5. Student Preparation – Building on the outcomes of the first year of new statewide high school assessments, the CSU will increase investment in the Early Assessment Program, Early Start Program, and other related efforts to help new students attain college readiness before their first semester on campus.
  6. Bottleneck Solutions – The CSU continues to expand the availability of online concurrent enrollment courses available to students at all CSU campuses. This expands options for students to add an additional class regardless of location or other scheduling conflicts.

These six areas of proposed funding are all directed at improving student success and completion. With $50 million spread across the system, an average allocation of $2.2 million per campus will allow each campus to prioritize the investments they make to improve graduation rates, reduce achievement gaps, and increase the number of successful degree completions at the CSU to meet the educational and workforce needs of California.

Facilities and Infrastructure Needs, $25,000,000 (top)

The 2016/17 budget plan includes $25.0 million to finance the CSU’s most urgent facilities maintenance and utilities infrastructure needs. The CSU’s backlog of maintenance and utilities infrastructure needs, even if restricted to the highest priorities, is massive and growing at about $136.8 million per year over the next decade. Annual support budgets will not be able to retire significant portions of the roughly $2.6 billion backlog without additional resources dedicated for this purpose. In light of the backlog of infrastructure renewal needs, the CSU continues to focus on needed improvements to our utilities, technology network, building infrastructure, and seismic upgrades, followed by major building replacements/renovations and new buildings to accommodate the growing student population. The Systemwide Infrastructure Improvements program is the highest priority for the use of CSU financing as the program provides funds across all campuses. The $25.0 million in this plan will be used for projects on a pay-as-you-go basis and/or to finance larger projects.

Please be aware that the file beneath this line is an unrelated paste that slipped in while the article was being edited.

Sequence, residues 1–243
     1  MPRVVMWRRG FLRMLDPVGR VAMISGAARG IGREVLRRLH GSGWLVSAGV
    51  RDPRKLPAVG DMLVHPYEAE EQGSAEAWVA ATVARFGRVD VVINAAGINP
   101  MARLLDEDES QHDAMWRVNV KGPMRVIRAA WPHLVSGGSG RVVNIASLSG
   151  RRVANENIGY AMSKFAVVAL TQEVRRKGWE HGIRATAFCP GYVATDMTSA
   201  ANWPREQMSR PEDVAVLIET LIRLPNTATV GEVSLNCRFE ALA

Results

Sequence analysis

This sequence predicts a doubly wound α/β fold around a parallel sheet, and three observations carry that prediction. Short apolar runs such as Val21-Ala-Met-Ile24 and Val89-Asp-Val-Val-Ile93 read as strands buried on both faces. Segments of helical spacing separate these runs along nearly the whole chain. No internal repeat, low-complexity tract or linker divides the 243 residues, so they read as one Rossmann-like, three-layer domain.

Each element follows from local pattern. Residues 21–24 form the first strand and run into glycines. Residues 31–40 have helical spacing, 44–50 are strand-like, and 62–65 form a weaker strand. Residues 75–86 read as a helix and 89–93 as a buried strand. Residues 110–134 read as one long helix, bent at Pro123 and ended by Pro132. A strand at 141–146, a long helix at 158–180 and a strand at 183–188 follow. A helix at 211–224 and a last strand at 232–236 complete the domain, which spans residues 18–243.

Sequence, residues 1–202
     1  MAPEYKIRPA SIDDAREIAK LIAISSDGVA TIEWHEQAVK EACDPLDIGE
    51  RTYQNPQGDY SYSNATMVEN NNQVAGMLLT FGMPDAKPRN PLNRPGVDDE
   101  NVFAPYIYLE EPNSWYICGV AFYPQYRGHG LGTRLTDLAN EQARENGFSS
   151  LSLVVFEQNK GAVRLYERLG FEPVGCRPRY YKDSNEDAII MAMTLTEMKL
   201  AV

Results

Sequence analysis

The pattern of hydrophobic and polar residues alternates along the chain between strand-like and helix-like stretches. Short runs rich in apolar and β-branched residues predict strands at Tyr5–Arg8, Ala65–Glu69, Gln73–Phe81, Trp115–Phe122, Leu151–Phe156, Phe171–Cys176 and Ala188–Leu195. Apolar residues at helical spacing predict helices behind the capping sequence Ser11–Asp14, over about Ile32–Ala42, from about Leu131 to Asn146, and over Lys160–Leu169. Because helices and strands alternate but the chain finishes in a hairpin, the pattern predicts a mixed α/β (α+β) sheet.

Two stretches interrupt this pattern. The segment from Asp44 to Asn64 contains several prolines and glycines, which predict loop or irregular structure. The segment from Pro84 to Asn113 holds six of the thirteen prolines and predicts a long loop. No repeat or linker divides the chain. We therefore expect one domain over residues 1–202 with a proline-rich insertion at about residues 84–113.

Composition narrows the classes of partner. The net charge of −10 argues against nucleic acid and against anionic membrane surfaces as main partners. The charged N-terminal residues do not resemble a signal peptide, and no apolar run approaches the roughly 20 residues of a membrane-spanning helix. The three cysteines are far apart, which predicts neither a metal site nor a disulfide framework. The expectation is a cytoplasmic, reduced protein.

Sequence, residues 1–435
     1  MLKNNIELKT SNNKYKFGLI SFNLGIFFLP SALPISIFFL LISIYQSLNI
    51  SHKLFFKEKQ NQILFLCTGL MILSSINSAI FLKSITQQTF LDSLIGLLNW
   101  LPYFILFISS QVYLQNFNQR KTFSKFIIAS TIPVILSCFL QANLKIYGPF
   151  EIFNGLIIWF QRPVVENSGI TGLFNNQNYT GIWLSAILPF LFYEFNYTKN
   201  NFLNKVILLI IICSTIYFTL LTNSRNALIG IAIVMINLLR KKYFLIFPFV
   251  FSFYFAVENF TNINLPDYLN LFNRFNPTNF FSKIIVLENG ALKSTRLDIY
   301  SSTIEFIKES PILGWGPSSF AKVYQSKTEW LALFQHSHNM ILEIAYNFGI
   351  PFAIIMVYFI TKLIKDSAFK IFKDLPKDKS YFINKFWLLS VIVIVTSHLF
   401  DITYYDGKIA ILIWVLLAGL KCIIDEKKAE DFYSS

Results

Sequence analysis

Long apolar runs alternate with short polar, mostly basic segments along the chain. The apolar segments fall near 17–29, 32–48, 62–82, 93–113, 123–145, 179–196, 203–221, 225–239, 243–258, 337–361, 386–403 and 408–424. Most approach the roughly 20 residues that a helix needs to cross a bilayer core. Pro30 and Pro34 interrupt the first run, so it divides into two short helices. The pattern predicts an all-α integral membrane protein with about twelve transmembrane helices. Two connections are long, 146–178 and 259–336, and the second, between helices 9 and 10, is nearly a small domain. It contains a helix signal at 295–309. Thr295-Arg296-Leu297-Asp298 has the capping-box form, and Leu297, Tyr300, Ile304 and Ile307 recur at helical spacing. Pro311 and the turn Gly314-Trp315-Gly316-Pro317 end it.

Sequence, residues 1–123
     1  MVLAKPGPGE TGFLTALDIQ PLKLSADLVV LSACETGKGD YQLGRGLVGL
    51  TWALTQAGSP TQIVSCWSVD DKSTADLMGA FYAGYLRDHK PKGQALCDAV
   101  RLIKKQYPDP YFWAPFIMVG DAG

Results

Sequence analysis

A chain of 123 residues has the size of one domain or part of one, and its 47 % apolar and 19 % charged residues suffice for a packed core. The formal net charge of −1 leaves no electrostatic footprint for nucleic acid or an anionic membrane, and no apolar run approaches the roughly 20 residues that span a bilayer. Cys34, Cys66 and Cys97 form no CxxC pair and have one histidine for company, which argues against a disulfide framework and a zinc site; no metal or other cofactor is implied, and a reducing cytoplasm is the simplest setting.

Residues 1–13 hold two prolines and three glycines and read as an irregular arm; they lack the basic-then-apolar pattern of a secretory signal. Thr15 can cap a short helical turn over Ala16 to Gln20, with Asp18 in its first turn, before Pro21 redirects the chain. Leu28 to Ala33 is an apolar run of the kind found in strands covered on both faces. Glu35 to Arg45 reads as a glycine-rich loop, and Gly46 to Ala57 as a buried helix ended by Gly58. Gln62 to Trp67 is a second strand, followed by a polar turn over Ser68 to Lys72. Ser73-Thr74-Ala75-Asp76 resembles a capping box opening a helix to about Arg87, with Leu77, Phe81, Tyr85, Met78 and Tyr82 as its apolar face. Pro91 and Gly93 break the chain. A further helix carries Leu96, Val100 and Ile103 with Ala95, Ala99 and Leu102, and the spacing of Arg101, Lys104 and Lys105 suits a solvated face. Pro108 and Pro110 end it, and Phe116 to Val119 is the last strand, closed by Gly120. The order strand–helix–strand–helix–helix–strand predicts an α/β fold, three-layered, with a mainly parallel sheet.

This funding will address the most critical renewal and repair projects that are part of the deferred maintenance backlog, including health and safety concerns at each campus (e.g. fire protection, structural repairs, roofing, HVAC, and elevators), to avert building and campus shutdowns.

Additionally, at many of our campuses, the utilities infrastructure is obsolete, dating back more than a half century and in need of upgrade or replacement. Because the utilities infrastructure is a core system to the CSU, new funding is imperative to address the most critical projects that are part of the infrastructure backlog, including electrical distribution, utility system retrofit, natural gas piping, storm and sewer drain lines, and plumbing and water systems. Any interruptions, shutdowns, or failures in any of the infrastructure areas will impede the CSU’s ability to provide educational services in a safe environment for students, faculty, and staff, and potentially result in additional damage to already stressed systems and infrastructure.